Small teams with autonomy reduce the quagmire of bottlenecks and delayed shipping
Co-Founder of WordPress, Founder of Automattic, Investor with Audrey
The 5 to 15-person structure works really well, even inside a much larger group.
The team you are on is your experience of the company.
Build a place that people can stay for decades.
Lesson: Building a Unicorn with Matt Mullenweg
Step #3 Teams: Small teams with autonomy reduce the quagmire of bottlenecks and delayed shipping
One of the things we found as we got bigger and bigger is the structure that we looked like when we were 5 to 15 people. It worked really well, and many versions of that work really well inside Automattic. So the Automattic is 230 people under this sign on the door. It's really a collection of 26 teams. If you're on one of those teams, that's your experience of Automattic.
We try to keep them kind of five to ten people. They're cross functional. So they always have a designer and engineers, sometimes a support person, sometimes a business person, whatever they need to shift things to users as frequently as they want to without waiting on any other team or any other bottleneck. So we try to give the team itself a lot of time to do what it is that their purpose for being is.
We do most conversations via text. I am particularly bad at this. I think just because that's kind of our bias as a company started by engineers and folks who don't like to talk on the phone that much. I wouldn't necessarily put that as something other companies should try to emulate. I think that a voice or video conversation can be much higher bandwidth and just has a lot more nuance and context.
One thing I've been trying to do as a leader is have more in person, video, or voice chats, versus just always being on text all the time. I think the main thing is that I always think in terms of bandwidth. Text is, we'll call it the modem. Voice is maybe the 64K. Video is pretty good, actually. You can get most of the nuance in someone's face or their eyes, and things from that. Then when we're actually here in person, like you and I here right now, there's thousands of inputs happening every single second. All of our senses are engaged, like even smell and things we're not even conscious of. That combination has its time and place.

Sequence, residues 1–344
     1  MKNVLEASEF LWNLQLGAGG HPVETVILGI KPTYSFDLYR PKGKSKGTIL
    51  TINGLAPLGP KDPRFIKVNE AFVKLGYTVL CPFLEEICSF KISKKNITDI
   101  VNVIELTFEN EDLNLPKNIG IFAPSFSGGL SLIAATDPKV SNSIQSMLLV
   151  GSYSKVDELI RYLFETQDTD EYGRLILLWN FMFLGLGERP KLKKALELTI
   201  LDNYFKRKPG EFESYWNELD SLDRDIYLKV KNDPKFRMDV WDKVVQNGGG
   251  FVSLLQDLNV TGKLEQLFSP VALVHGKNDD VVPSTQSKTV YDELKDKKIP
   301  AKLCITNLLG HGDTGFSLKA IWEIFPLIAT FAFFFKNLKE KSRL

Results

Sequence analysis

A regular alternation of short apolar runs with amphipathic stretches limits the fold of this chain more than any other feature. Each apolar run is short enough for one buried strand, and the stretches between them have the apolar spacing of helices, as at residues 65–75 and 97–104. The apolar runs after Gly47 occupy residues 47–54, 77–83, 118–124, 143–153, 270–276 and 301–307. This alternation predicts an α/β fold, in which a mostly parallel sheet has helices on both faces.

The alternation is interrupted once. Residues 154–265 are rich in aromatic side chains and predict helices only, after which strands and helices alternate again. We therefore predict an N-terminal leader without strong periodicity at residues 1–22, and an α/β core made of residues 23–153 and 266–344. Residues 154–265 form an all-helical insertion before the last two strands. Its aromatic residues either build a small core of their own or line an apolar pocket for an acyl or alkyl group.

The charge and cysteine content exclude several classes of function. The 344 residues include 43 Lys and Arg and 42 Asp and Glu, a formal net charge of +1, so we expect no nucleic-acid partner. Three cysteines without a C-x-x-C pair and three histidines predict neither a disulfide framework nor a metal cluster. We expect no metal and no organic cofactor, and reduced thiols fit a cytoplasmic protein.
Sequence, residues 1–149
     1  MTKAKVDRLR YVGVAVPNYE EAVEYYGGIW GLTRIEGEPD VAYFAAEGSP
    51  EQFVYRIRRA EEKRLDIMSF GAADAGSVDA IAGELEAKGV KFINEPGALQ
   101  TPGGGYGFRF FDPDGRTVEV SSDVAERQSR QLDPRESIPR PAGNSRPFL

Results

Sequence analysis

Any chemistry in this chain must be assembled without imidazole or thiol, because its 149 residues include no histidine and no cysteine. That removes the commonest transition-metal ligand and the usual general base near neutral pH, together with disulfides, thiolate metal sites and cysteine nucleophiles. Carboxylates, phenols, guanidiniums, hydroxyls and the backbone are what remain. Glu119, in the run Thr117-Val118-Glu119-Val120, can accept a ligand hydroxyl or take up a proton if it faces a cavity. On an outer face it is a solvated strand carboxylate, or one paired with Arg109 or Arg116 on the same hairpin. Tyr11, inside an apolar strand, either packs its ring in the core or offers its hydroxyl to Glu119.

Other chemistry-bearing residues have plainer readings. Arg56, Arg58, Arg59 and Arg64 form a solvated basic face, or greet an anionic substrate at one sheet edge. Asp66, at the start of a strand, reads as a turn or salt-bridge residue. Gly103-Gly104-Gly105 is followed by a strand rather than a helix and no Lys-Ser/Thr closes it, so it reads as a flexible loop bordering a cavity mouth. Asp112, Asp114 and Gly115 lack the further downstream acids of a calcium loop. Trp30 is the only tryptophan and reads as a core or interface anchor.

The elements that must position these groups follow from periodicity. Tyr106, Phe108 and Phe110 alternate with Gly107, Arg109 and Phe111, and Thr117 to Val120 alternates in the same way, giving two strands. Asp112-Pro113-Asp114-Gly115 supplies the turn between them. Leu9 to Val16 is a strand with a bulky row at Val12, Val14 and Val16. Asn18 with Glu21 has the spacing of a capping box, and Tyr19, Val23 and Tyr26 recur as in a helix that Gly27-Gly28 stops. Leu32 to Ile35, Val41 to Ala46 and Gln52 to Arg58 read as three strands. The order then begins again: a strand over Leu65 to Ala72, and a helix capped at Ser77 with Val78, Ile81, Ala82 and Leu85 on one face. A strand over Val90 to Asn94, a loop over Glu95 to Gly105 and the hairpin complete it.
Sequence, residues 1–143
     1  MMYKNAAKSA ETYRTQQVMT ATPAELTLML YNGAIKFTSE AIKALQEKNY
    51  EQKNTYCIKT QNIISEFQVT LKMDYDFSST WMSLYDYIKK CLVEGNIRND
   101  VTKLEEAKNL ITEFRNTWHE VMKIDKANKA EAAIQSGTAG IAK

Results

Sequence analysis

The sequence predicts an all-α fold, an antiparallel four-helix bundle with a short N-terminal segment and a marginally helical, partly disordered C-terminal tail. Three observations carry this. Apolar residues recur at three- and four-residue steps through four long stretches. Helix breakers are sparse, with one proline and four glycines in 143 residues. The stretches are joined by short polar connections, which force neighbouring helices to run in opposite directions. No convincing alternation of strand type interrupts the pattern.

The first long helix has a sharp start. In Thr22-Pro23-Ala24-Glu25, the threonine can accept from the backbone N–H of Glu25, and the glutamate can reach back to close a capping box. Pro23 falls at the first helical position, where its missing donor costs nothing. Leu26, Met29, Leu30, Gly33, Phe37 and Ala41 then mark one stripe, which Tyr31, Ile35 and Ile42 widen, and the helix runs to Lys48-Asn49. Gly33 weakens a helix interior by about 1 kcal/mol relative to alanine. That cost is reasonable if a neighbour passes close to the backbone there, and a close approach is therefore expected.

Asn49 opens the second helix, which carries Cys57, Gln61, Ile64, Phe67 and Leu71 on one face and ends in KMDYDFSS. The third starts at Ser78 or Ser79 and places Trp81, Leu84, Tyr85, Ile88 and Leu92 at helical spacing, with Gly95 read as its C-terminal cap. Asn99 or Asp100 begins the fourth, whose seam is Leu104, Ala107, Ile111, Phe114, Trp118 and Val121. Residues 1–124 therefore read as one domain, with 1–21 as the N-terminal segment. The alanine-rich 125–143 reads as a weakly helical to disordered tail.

Many Automatticians have been here for many years now and all the way back to the first four or five are all still here. The intention of the company is to build someplace that people can stay for decades and that’s not always easy.
But by framing every decision we make from how we run HR, to how we do compensation, to how everything in those terms, it's sort of like an optimism thing. I don't assume people are going to leave after two or three years for new options at a different company. I assume I’m going to be working with them 20 years from now, so in the years in between that I want to give them as many resources as possible to be learning, growing, and expanding their skill sets, and optimizing their life, so their work-life balance is where they can give the best to both.
I'm a big believer in Dan Pink's framework for happiness at work. It talks about mastery, autonomy, and purpose as the three aspects that when they're present you can feel fulfilled and happy in your work life, and when they're absent or lacking, you'd be very frustrated. Mastery, the ability to be good at what you do, learn the opportunities, etc. Autonomy, the ability to actually do it; there are no blockers between you and doing a great job. And then purpose, working for something more than just a paycheck; something that you believe in is really important for fulfillment.